My F&M

Market Commentary 1st Quarter 2013

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The first quarter began as the "fiscal cliff" was averted by a deal reversing the temporary cut in Social Security taxes and increasing some income tax rates.  It ended with a mishandled banking crisis in Cyprus, punctuated by shrill North Korean saber rattling.  In between, we sailed past the Sequester, reducing the rate of growth in federal spending.  Oh yes, and stocks rose to a new high as nothing seemed able to reverse the market’s upward progress!  In the first quarter, the S&P 500 produced a total return of 10.6%, one of its better first quarter performances ever.  Small stocks did a little better, international stocks did worse, and bonds were about flat.  At the same time, home prices moved up, the economy kept expanding (slowly), inflation remained tame, and interest rates remained exceptionally low.  All must be right with the world!  Right?!

The problem is that little of that progress appears "real", built as they are on a foundation of low interest rates that are artificially suppressed.  Thanks to the Federal Reserve (and the European Central Bank, the Bank of Japan, etc.), interest rates are unnaturally low.  Ten year Treasuries usually yield about the same as the rate of nominal GDP growth - implying something like a 4% normal yield today.  But they don't yield 4% today, or 3%, or even 2%.  They yield 1.7%.  Short term rates often yield about inflation plus a half of a percent or so.  With inflation currently about 2% a year, one might expect short term interest rates to be about 2.5%.  Instead, money funds yield essentially nothing.

But because money funds yield nothing and high grade bonds only a little more, investors of all stripes have been forced to reach for yield, holding riskier assets than they would otherwise prefer.  "Don't fight the Fed!" goes the adage.  And it works ... until it doesn't.  And therein lies the rub.  Too many holders of risky assets are just "renters", temporary holders who expect the prices of those assets to drop when the Fed cuts back its bond purchases (running now at $1 Trillion per year), and who expect to "get out" when they "see" that happening.  This is not likely to end well.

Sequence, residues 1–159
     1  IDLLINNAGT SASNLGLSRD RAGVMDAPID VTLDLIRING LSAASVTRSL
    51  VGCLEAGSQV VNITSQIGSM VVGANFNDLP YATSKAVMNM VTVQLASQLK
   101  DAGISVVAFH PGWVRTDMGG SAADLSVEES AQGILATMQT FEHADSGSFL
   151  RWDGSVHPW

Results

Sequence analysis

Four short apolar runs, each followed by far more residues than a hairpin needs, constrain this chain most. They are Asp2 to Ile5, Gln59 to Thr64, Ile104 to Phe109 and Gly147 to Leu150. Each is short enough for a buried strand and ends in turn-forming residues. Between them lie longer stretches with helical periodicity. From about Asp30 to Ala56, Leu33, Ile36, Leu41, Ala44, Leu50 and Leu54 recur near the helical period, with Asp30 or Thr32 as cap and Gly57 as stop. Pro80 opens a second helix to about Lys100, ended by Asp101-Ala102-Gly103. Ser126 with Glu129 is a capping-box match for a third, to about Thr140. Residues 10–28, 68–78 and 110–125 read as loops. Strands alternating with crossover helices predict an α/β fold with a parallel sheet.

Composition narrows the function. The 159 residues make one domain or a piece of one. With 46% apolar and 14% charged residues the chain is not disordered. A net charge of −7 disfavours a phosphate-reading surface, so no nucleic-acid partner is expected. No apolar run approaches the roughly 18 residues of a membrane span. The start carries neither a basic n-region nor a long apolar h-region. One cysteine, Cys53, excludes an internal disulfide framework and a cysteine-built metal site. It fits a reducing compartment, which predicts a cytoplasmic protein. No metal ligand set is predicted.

So what are we doing about it?  In the last several quarters we've incrementally reduced portfolio risks in numerous ways.  Most recently, you know of our purchases of reinsurance bond mutual funds.  Reinsurance bonds have other meaningful risks but have essentially no risk due to stock markets, the economy, inflation, bond prices, or Fed policy.  This makes them wonderful diversifiers.  We initially planned a 2% position in these funds across the board.  Later, we took the opportunity to increase positions to as much as 3% of many accounts with sufficient liquidity.

At this point, we plan to make an additional de-risking step soon involving a few stock swaps, each designed to replace a typically more volatile stock with one having less expected market risk.  Going forward, as long as interest rates remain unnaturally low, we expect to periodically take advantage of any additional market strength to keep reducing portfolio risk. 

Investors are generally happy as portfolio returns have been strong of late.  But the more central bankers maintain extraordinary monetary easing and the more stocks move higher and interest rates lower, the less comfortable we get.  We think this is an unusually challenging time to be an investor.